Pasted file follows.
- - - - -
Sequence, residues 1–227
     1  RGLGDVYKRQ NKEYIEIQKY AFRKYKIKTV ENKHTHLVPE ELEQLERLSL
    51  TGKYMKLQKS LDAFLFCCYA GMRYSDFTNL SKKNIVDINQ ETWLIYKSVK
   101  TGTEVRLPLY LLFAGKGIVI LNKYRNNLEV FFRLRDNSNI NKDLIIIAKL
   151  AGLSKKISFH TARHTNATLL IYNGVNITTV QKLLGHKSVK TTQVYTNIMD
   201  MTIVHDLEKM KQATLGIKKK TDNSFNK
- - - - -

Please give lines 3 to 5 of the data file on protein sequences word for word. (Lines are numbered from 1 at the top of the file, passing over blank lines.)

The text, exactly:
    51  TGKYMKLQKS LDAFLFCCYA GMRYSDFTNL SKKNIVDINQ ETWLIYKSVK
   101  TGTEVRLPLY LLFAGKGIVI LNKYRNNLEV FFRLRDNSNI NKDLIIIAKL
   151  AGLSKKISFH TARHTNATLL IYNGVNITTV QKLLGHKSVK TTQVYTNIMD